Blanching and parboiling are incredibly useful food prep techniques. Find out what they are, how they’re different, and when they should be used.
Blanching and parboiling are both useful food prep techniques with a solid place in your kitchen repertoire. But, what's the difference between blanching and parboiling?
What are they? How are they different? What are their similarities? When is each one appropriate to use? We're breaking it all down for you right here.
In truth, blanching and parboiling are very similar. Both involve boiling an ingredient to then use in another dish.
From there the technique and the use is slightly different, yet both processes are simple, must-have skills in the kitchen.
What Is Blanching?
Blanching is a 2-step technique that halts the natural enzymatic process in fresh vegetables that causes them to lose color, flavor, and texture quality over time.
So, in a nutshell, it helps preserve the color and natural texture of veggies, keeping them fresh and flavorful for whatever dish you're preparing.
How to Blanch Vegetables
Vegetables aren't the only things you can blanch, but it's the most common application of this cooking technique.
Step 1 in blanching is to briefly plunge whatever you’re blanching into boiling water. Use tongs or a slotted spoon and take care not to splash the hot water.
This part usually only lasts a few minutes, and is what causes the enzymatic processes in the food to stop.
Step 2 in blanching is to quickly move whatever you’re blanching into an ice water bath, again taking care not to burn yourself with boiling water.
This quickly stops the cooking process and rapidly cools the fruits or veggies down. Doing so keeps the veggies colorful with a satisfying snap to the bite.
What Is Parboiling?
Parboiling is a mash-up of two words: “partial” and “boiling.” And that’s exactly what it is - partially boiling something so you can finish cooking it with another cooking method.
Once you have parboiled whatever food is in question, you can then immediately finish cooking it another way, which is particularly useful for dishes where some ingredients cook slower than others.
How to Parboil
Knowing how to parboil will totally elevate your game in the kitchen. You've never made more delicious ribs or French fries than you will now.
Step 1 Place the meat or veggies you are parboiling in a large saucepan or stock pot, then cover with cool water and add a big pinch of salt.
Step 2 Bring the water to a boil and boil for 8 to 12 minutes, depending on what exactly you are parboiling.
Step 3 Immediately remove from the boiling water and continue cooking, whether that is roasting, grilling or pan frying.
Why Blanch Vegetables?
There are a few reasons a cook would want to blanch fruits or vegetables. Doing so keeps them tasting fresh and gives them a delightfully crisp texture.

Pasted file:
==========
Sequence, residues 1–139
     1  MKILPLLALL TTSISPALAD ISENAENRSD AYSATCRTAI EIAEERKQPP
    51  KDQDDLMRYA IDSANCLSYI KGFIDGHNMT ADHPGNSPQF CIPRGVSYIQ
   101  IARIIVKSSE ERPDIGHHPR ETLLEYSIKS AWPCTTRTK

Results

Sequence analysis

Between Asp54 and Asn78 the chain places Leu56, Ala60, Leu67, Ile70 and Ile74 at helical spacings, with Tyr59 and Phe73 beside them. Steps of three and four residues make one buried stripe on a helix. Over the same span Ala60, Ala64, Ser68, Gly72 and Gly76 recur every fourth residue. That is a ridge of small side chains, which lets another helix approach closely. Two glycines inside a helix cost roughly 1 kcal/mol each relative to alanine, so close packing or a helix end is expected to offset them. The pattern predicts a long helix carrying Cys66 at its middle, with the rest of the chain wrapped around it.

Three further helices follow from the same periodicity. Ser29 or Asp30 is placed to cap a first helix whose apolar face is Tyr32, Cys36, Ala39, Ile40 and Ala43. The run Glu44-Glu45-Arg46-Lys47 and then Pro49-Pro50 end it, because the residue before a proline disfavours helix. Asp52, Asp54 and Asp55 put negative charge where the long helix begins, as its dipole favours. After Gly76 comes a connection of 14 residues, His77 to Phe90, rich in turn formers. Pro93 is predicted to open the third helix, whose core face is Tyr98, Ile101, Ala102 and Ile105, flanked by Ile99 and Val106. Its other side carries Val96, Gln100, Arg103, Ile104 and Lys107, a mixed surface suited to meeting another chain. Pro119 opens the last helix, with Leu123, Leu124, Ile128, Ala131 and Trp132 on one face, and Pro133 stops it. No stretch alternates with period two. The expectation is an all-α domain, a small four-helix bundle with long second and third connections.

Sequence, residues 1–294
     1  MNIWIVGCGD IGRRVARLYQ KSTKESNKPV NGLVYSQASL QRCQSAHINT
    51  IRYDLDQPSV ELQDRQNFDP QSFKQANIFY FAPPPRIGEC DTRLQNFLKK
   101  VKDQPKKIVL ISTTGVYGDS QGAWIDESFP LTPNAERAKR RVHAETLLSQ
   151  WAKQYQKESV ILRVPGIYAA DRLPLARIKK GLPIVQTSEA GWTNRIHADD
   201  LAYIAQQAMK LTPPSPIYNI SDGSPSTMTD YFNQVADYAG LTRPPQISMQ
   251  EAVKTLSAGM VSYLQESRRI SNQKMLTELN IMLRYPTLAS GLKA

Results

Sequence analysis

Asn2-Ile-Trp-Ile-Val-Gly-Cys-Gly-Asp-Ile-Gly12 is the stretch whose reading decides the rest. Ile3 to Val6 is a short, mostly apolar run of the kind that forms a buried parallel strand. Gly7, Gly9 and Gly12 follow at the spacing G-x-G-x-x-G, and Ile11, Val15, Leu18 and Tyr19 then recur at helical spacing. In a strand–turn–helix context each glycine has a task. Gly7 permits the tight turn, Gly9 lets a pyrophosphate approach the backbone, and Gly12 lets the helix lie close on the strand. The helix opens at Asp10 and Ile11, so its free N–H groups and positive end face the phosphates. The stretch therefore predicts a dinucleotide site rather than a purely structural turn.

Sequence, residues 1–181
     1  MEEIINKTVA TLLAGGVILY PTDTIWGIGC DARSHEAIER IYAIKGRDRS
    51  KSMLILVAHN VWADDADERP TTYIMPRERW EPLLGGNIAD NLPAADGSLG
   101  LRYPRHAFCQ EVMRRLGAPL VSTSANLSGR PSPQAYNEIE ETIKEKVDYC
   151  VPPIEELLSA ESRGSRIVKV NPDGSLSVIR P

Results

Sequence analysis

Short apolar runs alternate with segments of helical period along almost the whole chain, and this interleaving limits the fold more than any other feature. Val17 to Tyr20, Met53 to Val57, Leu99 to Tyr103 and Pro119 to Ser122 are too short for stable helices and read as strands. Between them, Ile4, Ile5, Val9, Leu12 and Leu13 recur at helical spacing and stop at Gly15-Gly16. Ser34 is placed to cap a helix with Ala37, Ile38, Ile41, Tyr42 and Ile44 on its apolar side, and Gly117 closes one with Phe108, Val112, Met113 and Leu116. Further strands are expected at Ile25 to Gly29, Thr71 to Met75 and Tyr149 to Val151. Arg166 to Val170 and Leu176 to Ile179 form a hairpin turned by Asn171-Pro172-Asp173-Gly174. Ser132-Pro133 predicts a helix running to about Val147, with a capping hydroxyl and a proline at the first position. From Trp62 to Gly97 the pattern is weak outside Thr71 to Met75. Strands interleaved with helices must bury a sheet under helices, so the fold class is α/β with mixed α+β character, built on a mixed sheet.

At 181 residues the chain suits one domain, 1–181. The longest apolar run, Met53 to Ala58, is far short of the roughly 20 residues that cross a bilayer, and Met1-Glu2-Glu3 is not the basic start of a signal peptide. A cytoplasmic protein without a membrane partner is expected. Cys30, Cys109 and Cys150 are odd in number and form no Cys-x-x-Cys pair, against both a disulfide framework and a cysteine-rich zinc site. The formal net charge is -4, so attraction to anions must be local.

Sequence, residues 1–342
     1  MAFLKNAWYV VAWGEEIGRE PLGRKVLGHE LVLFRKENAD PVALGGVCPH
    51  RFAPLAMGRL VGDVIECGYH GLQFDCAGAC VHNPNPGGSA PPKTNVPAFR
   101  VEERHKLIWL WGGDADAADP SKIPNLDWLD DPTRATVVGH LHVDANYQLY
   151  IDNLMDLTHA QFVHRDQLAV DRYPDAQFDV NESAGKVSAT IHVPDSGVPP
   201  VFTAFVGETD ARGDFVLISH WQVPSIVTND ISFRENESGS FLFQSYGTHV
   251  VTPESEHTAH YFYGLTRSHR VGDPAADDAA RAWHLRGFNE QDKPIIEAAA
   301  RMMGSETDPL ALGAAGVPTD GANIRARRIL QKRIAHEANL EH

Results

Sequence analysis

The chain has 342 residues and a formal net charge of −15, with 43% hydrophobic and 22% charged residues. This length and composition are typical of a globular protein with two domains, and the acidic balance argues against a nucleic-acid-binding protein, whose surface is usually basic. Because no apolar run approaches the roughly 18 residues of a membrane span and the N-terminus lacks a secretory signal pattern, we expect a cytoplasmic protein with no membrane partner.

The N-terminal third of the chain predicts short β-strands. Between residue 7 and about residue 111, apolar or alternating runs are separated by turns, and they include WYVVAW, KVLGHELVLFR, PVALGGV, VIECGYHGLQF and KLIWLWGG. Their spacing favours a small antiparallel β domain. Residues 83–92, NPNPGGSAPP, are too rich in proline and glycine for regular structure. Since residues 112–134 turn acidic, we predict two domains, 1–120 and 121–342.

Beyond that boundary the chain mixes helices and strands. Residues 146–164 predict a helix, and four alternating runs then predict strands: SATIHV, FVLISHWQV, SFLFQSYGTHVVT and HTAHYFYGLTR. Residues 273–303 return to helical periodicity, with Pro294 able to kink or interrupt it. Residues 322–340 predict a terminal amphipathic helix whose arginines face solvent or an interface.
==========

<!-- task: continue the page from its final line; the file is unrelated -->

If you are planning to freeze fresh vegetables for longer than a couple of weeks, you should blanch them first.
Doing so prevents that bumper crop of green beans, carrots, or corn from your garden from losing quality in texture, flavor, or color while in the freezer.
If you buy already frozen vegetables from the grocery store, they were blanched before they were frozen.
If you need to remove the skins from peaches or tomatoes, blanching makes the peels slide right off without cooking the produce at all.
Sometimes you want a vegetable that isn’t raw, but isn’t cooked until it’s completely soft and limp.
Think of the tender-crisp green beans in a summer salad, the perfect texture somewhere between too crunchy and too soft. Blanching can do that.
Why Do You Parboil?
In our opinion, parboiling is one of the most underrated cooking techniques. There are loads of reasons to parboil meat or veggies!
If you're making a sheet pan dinner, where everything else cooks in about the same amount of time, but that one ingredient takes longer to cook (such as potatoes), parboiling the potatoes first will help.
Then you can just toss the potatoes onto your sheet pan to finish cooking with everything else in the same amount of time.
Do you want to meal prep a stack of lunches for quick cooking and reheating throughout the week?
Parboiling cuts down on the time it’ll take you to microwave your lunch, while still giving you fresh results that aren’t mushy or overcooked.
There might be times when you want to cook something using a method that will take quite a while for that ingredient to be completely cooked or will lead to uneven cooking.
For example, brats are delicious, but if you were to cook them completely on the grill, the outside would get charred before the inside was cooked.
You're then stuck with bland, overcooked brats that have lost their juiciness and become dried out.
Parboiling brats first ensures that the inside is cooked through, the outside gets the char and grill marks you want, and the whole thing stays juicy and delicious.
You can even parboil sausages or brats in something other than water (such as beer or beef broth) to give them extra flavor.
What’s the Difference Between Blanching and Parboiling?
Are you feeling more comfortable about the difference between blanching and parboiling now? We hope so!
In short, blanching and parboiling have many similarities, but the goals of each process and the specific cooking methods are slightly different.
Now you know how to leverage both of these techniques to improve your kitchen game!
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